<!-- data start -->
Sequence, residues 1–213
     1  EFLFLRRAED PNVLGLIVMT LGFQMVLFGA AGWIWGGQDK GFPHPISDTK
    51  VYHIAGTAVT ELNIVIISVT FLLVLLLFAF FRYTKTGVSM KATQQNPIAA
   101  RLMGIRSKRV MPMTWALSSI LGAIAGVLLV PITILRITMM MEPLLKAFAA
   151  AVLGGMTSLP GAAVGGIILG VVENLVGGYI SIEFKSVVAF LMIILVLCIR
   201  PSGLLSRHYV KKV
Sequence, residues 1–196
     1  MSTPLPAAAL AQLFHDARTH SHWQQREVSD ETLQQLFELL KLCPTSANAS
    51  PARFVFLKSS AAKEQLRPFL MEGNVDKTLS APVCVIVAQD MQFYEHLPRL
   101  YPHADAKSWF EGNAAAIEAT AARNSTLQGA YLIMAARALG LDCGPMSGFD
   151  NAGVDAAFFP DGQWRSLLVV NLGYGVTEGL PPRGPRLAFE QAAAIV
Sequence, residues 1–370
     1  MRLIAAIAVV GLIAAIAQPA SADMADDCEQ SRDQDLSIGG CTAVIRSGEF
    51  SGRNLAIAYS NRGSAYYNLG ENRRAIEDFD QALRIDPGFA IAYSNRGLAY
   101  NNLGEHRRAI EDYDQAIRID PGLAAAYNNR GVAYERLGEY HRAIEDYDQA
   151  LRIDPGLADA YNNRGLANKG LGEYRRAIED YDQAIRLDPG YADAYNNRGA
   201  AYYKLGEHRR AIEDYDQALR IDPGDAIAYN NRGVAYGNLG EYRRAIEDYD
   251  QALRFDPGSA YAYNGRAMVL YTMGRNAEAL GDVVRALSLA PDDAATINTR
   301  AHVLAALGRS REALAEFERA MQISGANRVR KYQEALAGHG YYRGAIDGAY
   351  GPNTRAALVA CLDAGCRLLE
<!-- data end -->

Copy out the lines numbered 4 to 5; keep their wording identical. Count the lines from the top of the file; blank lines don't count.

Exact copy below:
   101  RLMGIRSKRV MPMTWALSSI LGAIAGVLLV PITILRITMM MEPLLKAFAA
   151  AVLGGMTSLP GAAVGGIILG VVENLVGGYI SIEFKSVVAF LMIILVLCIR